In an interesting note, this church was built in the 1700s. Before that, a much larger cathedral sat on the spot. Men from the city tried to convince the church leader that they needed a new cathedral. The church leader was very confused because he was quite content with his Gothic cathedral. The men wishing for a new cathedral, however, were local businessman and builders whose pockets would quite benefit from a new building. When the church leader walked into the cathedral, these businessmen would have someone hide and drop mortar down on him to convince him that the old cathedral was falling apart. He finally consented to build a new cathedral. But tearing down the solid piece of work proved to be a failure! They tried and tried to break through the eight-foot thick walls, but they could not! They finally resorted to blowing up the church with dynamite.
The new architect was interested in creating a space with a lot of light. You’ll notice the yellow walls and the lack of stained glass. Interestingly, there exists a sun star with Hebrew lettering at the front of the church. The letters spell the word “Lord” but this symbol is Masonic, and it’s conjectured that the architect was a freemason. The chandeliers have been donated by Waterford Crystal.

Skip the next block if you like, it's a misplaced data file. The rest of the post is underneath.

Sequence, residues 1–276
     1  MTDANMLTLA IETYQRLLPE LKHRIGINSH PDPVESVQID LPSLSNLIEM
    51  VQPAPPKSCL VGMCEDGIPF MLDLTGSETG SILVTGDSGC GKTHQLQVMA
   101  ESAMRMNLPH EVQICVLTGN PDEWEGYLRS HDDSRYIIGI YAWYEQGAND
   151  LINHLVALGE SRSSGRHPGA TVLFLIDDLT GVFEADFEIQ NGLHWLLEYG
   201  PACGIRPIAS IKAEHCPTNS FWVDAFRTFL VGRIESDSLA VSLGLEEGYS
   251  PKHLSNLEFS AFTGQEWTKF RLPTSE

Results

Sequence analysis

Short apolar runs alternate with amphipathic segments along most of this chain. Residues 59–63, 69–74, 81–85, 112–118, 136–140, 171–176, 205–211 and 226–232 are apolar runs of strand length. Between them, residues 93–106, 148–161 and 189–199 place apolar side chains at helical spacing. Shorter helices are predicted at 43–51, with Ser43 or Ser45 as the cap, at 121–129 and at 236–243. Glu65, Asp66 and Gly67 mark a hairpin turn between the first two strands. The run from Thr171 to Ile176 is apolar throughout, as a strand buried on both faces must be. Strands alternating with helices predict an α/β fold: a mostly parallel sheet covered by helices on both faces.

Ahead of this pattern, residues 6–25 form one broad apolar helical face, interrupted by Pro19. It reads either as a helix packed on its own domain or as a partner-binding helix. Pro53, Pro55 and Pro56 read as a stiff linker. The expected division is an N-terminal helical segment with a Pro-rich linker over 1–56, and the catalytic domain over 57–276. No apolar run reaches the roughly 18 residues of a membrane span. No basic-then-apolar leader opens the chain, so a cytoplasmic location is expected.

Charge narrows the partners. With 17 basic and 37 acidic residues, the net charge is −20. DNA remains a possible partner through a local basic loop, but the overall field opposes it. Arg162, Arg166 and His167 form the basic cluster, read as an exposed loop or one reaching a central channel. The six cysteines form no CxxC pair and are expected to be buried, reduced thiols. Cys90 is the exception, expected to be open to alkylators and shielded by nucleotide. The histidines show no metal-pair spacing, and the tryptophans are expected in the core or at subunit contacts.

We certainly enjoyed the acoustics in this space!
Sunday morning we worshipped with the Dunmore East congregation, and our last concert was at Kilkenny Presbyterian Church. I might comment here that, interestingly, this is the first time we heard the Gospel message explicitly preached in Ireland. I appreciated this introduction by Pastor Martin.
This was an emotional concert for us as it was our last concert. The bus ride to our hotel was full of laughter and giddiness. We checked into our rooms and then congregated on the hotel lawn for one last loud hurrah. My choir friends and I laughed and giggled til early in the morning. Then we all farewelled. I was really glad this was only the half-way point in my crazy trip! I was sad to leave my new friends, but so excited for two more weeks of English countryside!
The term “new hymn” may sound like an oxymoron. Certainly, an a capella hymn-singing tradition is uncommon in contemporary Christian church services. However, in conservative Mennonite churches today, four-part acapella hymn singing persists as the prominent music style of choice. You might ask: how does this tradition continue?
Mennonite churches seek to celebrate and to further this special tradition though the use of hymns in weekly services or in annual “hymn-sings,” which build in singing practice and promote familiarity with canonical hymn texts.